With the introduction of such a perceptual category, sufferers were consequently “empowered” by it (Perkins 1995, pp. 12, 111-113, 189, 184, 186, 142). Christianity’s triumph is thus described as coinciding with a “representational revolution” (Perkins 1995, pp. 17, 104), or “at least in part, a triumph of representation” (3). Christians were not the only ones in late antiquity participating in a “cultural turn toward the body” (Perkins 1995, pp. 175, 189) creating a “subject as sufferer” (Perkins 1995, pp. 192, 202), as Perkins demonstrates in comparing Ignatius of Antioch to Aelius Aristides. Christianity’s rise did, however, consummate this ‘revolution’: “Christianity formed around this subjectivity of sufferer, not only conceptually, but also actively” (Perkins 1995, p. 202).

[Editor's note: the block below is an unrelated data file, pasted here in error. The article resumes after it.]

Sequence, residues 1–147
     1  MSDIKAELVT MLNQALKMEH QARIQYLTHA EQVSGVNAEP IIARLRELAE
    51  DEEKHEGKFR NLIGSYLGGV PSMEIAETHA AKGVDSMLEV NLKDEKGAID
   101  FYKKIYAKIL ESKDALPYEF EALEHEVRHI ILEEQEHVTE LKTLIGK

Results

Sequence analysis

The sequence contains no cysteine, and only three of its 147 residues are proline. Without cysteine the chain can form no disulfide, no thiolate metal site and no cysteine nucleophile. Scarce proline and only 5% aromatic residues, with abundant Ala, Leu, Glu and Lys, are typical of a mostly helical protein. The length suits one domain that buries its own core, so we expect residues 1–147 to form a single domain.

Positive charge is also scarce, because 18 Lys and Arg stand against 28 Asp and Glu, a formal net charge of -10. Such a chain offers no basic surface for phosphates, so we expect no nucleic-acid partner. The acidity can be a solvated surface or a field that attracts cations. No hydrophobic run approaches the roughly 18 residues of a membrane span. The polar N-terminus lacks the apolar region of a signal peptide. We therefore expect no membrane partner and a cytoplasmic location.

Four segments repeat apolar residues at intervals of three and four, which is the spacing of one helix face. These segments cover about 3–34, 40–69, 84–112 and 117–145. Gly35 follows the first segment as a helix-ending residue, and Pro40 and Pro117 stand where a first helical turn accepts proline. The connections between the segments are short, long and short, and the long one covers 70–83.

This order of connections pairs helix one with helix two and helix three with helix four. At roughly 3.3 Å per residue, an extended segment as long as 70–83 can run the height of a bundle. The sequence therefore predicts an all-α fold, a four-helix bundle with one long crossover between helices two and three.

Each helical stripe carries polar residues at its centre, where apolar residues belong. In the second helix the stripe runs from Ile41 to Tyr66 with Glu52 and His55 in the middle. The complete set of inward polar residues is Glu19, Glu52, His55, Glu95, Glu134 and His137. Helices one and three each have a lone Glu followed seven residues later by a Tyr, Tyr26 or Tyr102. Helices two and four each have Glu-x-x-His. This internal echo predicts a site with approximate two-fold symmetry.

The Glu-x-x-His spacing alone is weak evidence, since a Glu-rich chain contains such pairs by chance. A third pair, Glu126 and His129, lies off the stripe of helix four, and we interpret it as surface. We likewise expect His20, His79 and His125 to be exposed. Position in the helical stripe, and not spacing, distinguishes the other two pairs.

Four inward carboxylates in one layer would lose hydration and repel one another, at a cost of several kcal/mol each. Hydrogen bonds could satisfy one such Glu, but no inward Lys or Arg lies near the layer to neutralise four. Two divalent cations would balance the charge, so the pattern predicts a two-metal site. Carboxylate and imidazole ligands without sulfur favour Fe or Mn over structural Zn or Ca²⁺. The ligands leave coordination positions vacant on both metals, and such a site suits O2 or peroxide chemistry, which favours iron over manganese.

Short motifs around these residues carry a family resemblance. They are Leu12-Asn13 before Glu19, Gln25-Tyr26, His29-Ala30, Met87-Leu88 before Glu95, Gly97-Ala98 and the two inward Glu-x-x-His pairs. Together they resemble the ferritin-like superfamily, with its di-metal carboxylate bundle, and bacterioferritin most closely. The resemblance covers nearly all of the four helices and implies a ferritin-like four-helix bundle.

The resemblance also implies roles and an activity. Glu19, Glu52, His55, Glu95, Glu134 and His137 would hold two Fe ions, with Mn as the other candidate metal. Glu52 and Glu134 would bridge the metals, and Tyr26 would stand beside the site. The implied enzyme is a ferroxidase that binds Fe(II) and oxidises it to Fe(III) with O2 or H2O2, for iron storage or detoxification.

Perkins twice briefly locates her framework of ‘narrative representation’ within contemporary “critical theory” (Perkins 1995, pp. 4, 200), although Foucault stands in the foreground of her influences. Foucault differed from his predecessors Saussure and Barthes work on representation in that his interest was primarily in representation qua discourse rather than in meaning (Hall 1997, pp. 41-44). In Archaeology of Knowledge (1972) Foucault described four distinctions between his project of ‘archaeology’ and the ‘history of ideas’. Centering on what his ‘archaeology’ is and isn’t interested in, these distinctions are as follows: 1) defining discourses, not the representations which comprise them, 2) “differential analysis of the modalities of discourse”, not a scientific study of the processes of manifestation and deterioration of opinions, 3) “types of rules for discursive practices”, not in the unit of the work nor the agency of the author , and 4) the “systematic description of a discourse-object”, not in the repetition or re-enactment of a thought (pp. 138-140).